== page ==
Apple has reportedly purchased Emotient, Inc., a privately held San Diego-based artificial intelligence startup, according to Dow Jones. No price was given for the deal. Emotient, according to its website, is the leader in emotion detection and sentiment analysis.
The company’s products are used for gauging emotional response by way of measuring facial expressions, allowing it to basically read people’s emotions from live video.
An Apple spokeswoman has confirmed the purchase to The Wall Street Journal with a standard boilerplate response, saying that “we buy smaller technology companies from time to time, and generally do not discuss our purpose or plans.”
“Emotient’s flagship service, Emotient Analytics, analyzes videos of customers as they experience marketing, products and services,” as per to the company’s LinkedIn profile.
“It provides complete and accurate facial expression detection and frame-by-frame measurement of nine key emotions, as well as attention, engagement and positive or negative consumer sentiment.”
The most obvious implementation of Emotient technology in iOS would entail automatic image sorting by emotion in the stock Photos app, as suggested by a technology showcase video embedded below.
Other possible applications could include gauging customer response to products in Apple Stores, analyzing driver fatigue to prevent accidents (hello, iCar!), providing dynamic responses in games based on facial expressions and more.
“We brought students into the lab to drive in the driving simulator and were able to predict when people were within 60 seconds of a crash in the simulator,” said Dr. Marian Bartlett, one of Emotient’s founders who is also a research professor at UC San Diego.
Emotient’s technology was primarily sold to advertisers to help assess viewer reactions to their ads and was also used to measure the expressions of the ten candidates on stage during the first Republican Presidential Primary Debate aired on FOX News.
This was the first time emotion-reading technology has been used to analyze a Presidential Primary Debate. Here’s a video of Emotient’s analytics in action.
“Wherever there are cameras there can be video analysis of expressions, and an opportunity to learn about the customer’s state of mind as they emotionally respond to marketing, product and service experiences,” according to Emotient’s website, which was recently revised to remove details about its products and services.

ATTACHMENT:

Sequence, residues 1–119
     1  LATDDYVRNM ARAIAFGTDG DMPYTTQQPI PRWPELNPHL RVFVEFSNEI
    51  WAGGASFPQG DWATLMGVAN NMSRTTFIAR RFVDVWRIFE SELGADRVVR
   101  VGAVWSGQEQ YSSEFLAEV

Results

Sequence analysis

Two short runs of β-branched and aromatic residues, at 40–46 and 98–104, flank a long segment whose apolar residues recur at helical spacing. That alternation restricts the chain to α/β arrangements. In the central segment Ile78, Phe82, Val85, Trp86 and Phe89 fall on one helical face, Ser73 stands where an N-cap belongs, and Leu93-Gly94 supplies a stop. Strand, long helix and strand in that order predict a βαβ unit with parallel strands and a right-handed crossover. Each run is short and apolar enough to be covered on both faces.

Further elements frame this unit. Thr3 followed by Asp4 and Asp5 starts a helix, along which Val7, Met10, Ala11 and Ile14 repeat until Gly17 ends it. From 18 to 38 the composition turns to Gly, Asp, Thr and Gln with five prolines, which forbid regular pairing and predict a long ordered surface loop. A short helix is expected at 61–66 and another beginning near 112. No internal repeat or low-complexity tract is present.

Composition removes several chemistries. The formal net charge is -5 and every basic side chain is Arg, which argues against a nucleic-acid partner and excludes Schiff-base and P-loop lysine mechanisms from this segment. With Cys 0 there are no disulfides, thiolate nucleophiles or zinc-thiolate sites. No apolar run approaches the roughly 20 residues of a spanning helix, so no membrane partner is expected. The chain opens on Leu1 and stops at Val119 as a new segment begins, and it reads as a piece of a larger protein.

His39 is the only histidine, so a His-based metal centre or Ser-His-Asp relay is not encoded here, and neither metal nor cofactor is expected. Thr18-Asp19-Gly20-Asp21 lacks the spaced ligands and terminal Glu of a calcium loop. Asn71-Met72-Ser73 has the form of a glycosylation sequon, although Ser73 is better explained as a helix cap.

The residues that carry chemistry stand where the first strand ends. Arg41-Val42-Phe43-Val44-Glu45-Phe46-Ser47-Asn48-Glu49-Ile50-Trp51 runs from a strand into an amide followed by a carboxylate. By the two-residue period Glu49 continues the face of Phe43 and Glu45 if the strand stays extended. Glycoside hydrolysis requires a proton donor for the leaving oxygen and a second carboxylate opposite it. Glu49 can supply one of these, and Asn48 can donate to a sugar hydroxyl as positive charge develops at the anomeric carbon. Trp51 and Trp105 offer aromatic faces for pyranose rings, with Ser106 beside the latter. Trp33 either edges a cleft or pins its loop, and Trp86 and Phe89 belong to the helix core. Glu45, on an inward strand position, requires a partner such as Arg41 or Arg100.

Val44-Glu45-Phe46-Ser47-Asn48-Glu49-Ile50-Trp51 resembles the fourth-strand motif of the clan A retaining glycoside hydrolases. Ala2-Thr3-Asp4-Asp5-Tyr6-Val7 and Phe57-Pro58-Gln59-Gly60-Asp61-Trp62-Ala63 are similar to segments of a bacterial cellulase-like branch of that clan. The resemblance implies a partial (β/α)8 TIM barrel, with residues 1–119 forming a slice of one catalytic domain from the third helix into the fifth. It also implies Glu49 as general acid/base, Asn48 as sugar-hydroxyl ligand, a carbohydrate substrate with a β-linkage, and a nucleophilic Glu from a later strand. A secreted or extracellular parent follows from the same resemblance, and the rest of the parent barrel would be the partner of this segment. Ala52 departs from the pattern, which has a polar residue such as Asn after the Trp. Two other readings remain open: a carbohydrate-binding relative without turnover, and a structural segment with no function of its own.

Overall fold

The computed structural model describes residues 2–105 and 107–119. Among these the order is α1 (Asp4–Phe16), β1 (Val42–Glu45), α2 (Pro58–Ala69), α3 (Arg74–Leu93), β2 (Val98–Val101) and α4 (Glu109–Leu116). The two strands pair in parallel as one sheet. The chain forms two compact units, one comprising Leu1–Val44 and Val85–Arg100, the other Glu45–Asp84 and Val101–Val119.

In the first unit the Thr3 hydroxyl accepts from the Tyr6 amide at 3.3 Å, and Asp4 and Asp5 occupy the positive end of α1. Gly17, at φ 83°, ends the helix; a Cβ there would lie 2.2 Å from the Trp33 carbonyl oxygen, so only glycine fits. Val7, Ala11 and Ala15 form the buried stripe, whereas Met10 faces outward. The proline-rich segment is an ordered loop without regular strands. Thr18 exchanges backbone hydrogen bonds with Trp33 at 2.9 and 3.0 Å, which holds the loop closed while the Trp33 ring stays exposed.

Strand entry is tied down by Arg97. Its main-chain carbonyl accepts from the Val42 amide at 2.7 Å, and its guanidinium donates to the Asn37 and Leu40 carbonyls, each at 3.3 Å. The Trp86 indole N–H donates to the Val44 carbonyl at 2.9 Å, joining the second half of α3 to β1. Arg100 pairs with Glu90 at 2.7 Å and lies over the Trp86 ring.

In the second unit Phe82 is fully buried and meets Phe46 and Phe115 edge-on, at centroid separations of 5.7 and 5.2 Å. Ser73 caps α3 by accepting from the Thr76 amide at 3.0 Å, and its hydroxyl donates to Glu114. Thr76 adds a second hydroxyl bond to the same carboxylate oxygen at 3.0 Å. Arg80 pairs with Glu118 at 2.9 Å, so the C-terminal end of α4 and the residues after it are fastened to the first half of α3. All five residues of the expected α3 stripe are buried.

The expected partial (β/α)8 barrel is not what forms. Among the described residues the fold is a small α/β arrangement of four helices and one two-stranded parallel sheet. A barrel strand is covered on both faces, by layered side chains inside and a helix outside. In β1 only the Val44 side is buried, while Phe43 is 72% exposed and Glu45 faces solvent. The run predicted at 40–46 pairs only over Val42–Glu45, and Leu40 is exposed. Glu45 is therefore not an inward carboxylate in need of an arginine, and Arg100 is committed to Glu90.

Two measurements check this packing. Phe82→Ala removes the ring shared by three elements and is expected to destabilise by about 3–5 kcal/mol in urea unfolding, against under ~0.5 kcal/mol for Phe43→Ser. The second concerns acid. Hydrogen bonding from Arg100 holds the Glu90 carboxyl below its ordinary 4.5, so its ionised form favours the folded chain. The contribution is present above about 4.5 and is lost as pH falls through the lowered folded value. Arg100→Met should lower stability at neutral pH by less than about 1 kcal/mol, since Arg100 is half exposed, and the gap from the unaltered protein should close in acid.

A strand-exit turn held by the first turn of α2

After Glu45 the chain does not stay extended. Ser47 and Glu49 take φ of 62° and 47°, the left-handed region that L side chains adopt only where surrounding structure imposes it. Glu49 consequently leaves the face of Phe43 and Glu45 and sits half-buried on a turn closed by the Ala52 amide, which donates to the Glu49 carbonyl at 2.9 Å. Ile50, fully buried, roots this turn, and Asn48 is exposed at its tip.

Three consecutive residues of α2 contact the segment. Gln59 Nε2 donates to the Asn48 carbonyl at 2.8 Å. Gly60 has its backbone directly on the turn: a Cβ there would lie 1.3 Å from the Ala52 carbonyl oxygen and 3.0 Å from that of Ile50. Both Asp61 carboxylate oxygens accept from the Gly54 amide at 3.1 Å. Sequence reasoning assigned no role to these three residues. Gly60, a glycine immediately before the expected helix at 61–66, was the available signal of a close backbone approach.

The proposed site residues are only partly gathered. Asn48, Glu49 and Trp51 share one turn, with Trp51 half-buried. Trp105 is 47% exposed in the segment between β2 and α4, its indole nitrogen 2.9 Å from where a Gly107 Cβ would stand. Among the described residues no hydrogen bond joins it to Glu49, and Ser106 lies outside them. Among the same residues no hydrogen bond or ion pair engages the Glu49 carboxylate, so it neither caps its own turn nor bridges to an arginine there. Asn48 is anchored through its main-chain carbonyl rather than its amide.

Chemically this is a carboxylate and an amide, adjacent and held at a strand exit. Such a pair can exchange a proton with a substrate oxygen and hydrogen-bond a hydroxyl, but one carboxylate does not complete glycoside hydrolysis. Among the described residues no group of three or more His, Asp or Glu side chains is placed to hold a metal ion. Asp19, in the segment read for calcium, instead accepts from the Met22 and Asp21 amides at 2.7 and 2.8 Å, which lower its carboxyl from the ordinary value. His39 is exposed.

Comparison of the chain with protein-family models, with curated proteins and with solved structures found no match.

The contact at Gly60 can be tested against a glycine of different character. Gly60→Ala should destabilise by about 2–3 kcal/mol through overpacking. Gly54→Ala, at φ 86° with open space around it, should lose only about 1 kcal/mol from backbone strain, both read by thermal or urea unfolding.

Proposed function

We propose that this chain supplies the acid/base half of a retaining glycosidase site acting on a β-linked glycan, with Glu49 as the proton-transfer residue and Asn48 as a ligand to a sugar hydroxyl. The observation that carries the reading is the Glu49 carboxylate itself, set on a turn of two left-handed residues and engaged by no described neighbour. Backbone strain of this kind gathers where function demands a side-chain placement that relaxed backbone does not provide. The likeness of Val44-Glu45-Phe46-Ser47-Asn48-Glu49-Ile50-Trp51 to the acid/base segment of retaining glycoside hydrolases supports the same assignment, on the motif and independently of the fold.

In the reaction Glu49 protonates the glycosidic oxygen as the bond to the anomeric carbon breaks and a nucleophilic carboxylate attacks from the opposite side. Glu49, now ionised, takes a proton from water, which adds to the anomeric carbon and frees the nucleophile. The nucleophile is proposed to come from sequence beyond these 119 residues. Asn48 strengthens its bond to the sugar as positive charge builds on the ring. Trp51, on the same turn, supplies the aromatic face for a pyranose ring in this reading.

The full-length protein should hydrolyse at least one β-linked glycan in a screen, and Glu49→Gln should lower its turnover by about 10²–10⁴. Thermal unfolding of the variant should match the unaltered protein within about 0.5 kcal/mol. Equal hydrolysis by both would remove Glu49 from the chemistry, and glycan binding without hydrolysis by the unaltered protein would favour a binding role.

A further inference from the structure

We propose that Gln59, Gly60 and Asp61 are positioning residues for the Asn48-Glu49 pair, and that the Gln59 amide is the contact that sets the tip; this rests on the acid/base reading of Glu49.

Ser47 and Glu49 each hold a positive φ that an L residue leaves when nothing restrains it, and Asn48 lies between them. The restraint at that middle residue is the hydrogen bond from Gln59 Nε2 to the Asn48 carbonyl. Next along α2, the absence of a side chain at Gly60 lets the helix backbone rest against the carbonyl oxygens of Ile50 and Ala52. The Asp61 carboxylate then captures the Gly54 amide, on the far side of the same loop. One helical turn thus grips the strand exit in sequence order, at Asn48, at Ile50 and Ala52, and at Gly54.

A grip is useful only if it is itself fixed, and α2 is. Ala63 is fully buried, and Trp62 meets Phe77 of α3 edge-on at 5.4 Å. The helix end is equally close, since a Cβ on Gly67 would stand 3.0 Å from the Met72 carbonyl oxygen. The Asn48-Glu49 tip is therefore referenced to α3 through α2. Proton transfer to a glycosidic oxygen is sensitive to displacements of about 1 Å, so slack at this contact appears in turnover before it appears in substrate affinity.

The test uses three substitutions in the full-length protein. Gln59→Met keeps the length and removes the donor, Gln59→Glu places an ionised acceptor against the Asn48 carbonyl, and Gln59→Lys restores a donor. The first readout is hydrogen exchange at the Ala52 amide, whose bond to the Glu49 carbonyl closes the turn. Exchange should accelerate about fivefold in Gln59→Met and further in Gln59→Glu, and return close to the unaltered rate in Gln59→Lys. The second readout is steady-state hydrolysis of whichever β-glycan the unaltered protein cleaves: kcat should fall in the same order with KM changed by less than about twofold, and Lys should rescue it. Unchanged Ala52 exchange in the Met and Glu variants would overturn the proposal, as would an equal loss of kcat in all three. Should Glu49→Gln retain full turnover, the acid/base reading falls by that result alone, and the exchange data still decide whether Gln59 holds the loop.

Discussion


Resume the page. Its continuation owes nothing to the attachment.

The company’s technology also comes with the ability to detect the emotions of hundreds of people at once in real-world conditions. Here’s an example crowd analytics in NBA, powered by Emotient.
At a Golden State Warriors game, Emotient technology used an $800 1080p camera, which recorded from 300 feet across the stadium, to distinguish up to 100 faces. A 4K camera could have captured closer to 400, as Emotient CEO Ken Denman told Re/code.
And here’s how Emotient technology improves ad testing with the Emotient AdPanel, a service they developed for testing ad effectiveness.
Among Emotient’s directors is Seth Neiman, an American computer industry businessperson, venture capitalist and a professional racing driver.
Back in March of 2014, the startup announced its Series B financing of $6 million. Intel Capital, Emotient’s first institutional investor and a customer, also participated in the financing round, which closed in December 2013.
Emotient’s face-tracking technology was also used in an app for Google Glass to demonstrate identifying the mood, emotions and sentiments of everyone around a Glass user, displaying them in their line-of-sight.
It successfully measured overall sentiment ranging from positive to negative to neutral, primary emotions such as joy, surprise, sadness, fear, disgust, contempt and anger, and more advanced emotions like frustration and confusion.
According to The Next Web which took the app for a spin, it doesn’t require any special hardware and instead uses an ordinary Logitech web camera, which makes it potentially suitable for the iPhone.
In September 2015, Emotient was issued a patent to make emotion analytics anonymous and another one to automate facial expression analytics.